In San Francisco's Cafe X, the barista won’t butcher your name, won’t call in sick or give you attitude. This one just makes drinks tirelessly, and with robotic precision, because the barista at Cafe X is a robot.
You order your drink through an app or in store, and you're placed in a digital queue. The robot makes your drink, and you pick it up. It can make three drinks in less than a minute, and over 1,000 custom recipes.
Inside the cafe there's no yelling or running, and the only human interaction you'll have is with employees who guide you through the process.
Sam Blum, the Cafe X Marketing and Communications Manager, says one of the biggest benefits of the robots is that, once programmed, they perform instantly and at a high level every day.
The "every day" is key. With the unemployment rate hovering at 3.7%, it's a job-seeker's market.
"Internally and externally there’s a lot of pressures that are happening in our economy," says Juan Higueros, Chief Operating Officer of Bear Robotics, a company that makes a food serving robot named Penny. "Labor supply is low and for folks who do these types of jobs, there are many options. Folks are turning to perhaps working in the on-demand economy."
The labor shortage isn't the only reason robots are finding a role in the service sector. There's the question of wages too. In the US, 45 municipalities and 17 states have raised the minimum wage above the federal level of $7.25 an hour. California plans to increase its minimum wage by $1 a year until it reaches $15 in 2022.
In New York, a survey by the New York Hospitality Alliance, an association of restaurants, bars, lounges, and hotels, found that 53.1% of the establishments planned to eliminate jobs in 2019 as a result of mandated wage increases.
In Mountain View, California, a city with a $15 minimum wage, Amici's East Coast Pizzeria is one of the establishments using BearRobotic’s Penny. The device has four censors that help it navigate around tables and people, the three-foot robot has a three-tier tray system that allows it to deliver food and drinks, as well as pick up dirty dishes. According to the restaurant’s manager, Penny already does 30 to 40 percent of the job of a human server.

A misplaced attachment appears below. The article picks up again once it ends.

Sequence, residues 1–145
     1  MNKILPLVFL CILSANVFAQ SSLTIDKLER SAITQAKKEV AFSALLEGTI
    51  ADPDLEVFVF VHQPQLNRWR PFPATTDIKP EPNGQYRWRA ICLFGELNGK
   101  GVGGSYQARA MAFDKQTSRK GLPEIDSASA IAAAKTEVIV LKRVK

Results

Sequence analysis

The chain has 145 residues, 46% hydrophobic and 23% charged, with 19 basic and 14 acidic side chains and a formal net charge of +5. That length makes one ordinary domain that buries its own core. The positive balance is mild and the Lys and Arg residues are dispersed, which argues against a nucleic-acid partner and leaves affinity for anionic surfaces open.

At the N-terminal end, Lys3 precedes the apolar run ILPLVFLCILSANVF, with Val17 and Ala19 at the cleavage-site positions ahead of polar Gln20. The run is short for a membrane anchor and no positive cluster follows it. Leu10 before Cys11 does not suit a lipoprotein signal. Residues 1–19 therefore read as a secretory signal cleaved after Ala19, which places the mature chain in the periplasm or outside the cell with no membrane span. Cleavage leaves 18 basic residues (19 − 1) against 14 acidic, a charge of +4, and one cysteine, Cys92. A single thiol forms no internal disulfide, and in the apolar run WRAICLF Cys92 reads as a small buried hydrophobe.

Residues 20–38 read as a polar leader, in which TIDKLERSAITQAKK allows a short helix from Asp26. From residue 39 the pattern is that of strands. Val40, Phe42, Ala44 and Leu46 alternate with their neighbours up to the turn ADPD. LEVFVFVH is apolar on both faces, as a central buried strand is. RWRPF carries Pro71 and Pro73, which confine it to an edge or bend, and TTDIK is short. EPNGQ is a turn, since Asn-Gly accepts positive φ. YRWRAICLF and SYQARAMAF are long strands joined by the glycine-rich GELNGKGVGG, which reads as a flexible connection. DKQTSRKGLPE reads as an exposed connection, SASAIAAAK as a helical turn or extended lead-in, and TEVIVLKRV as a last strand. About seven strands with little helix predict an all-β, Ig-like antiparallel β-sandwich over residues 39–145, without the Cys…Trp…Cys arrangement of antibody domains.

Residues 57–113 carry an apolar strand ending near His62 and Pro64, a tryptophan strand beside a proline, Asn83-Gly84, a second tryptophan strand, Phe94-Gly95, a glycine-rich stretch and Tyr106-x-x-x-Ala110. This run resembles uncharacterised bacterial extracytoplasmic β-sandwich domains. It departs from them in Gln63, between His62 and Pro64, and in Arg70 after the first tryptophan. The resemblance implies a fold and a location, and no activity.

And it’s not just restaurants turning to robots, hotels are getting in on the action as well. Last year, hospitality workers in Las Vegas threatened to strike, and one of their demands was greater protection against automation.
But Fred Kokash, Director of Sales and Marketing at the Los Angeles Sheraton San Gabriel hotel, says fears of robots stealing people's jobs is overstated. Kokash’s hotel currently owns eight robots that perform a variety of jobs, from helping guests find their way around the hotel, to delivering luggage or room service.
"We have not replaced a single job," he says. "A lot of people thought that these robots were going to replace the bellman and replace housekeeping. We’ve actually added more jobs. The other merit is when the luggage is being delivered, it gives now the bellman more time to interact with the guest when going to the room."
This sentiment is echoed in a report by UK-based think tank Oxford Economics, which concluded that despite the proliferation of robots in the hospitality industry, it is not clear that robots will replace the existing workforce. It said the Vdara hotel in Las Vegas installed robots to work alongside its existing workforce, and at the end of a three-month trial, the employees voted to keep the devices because they found they earned more money in tips.
The report said the rise of robots will boost productivity and economic growth, and lead to jobs in industries that don't yet exist.
But it also warns that existing business models across many sectors will be seriously disrupted, and tens of millions of jobs will be lost.
So should robots be viewed with enthusiasm or dread? It depends on who you ask.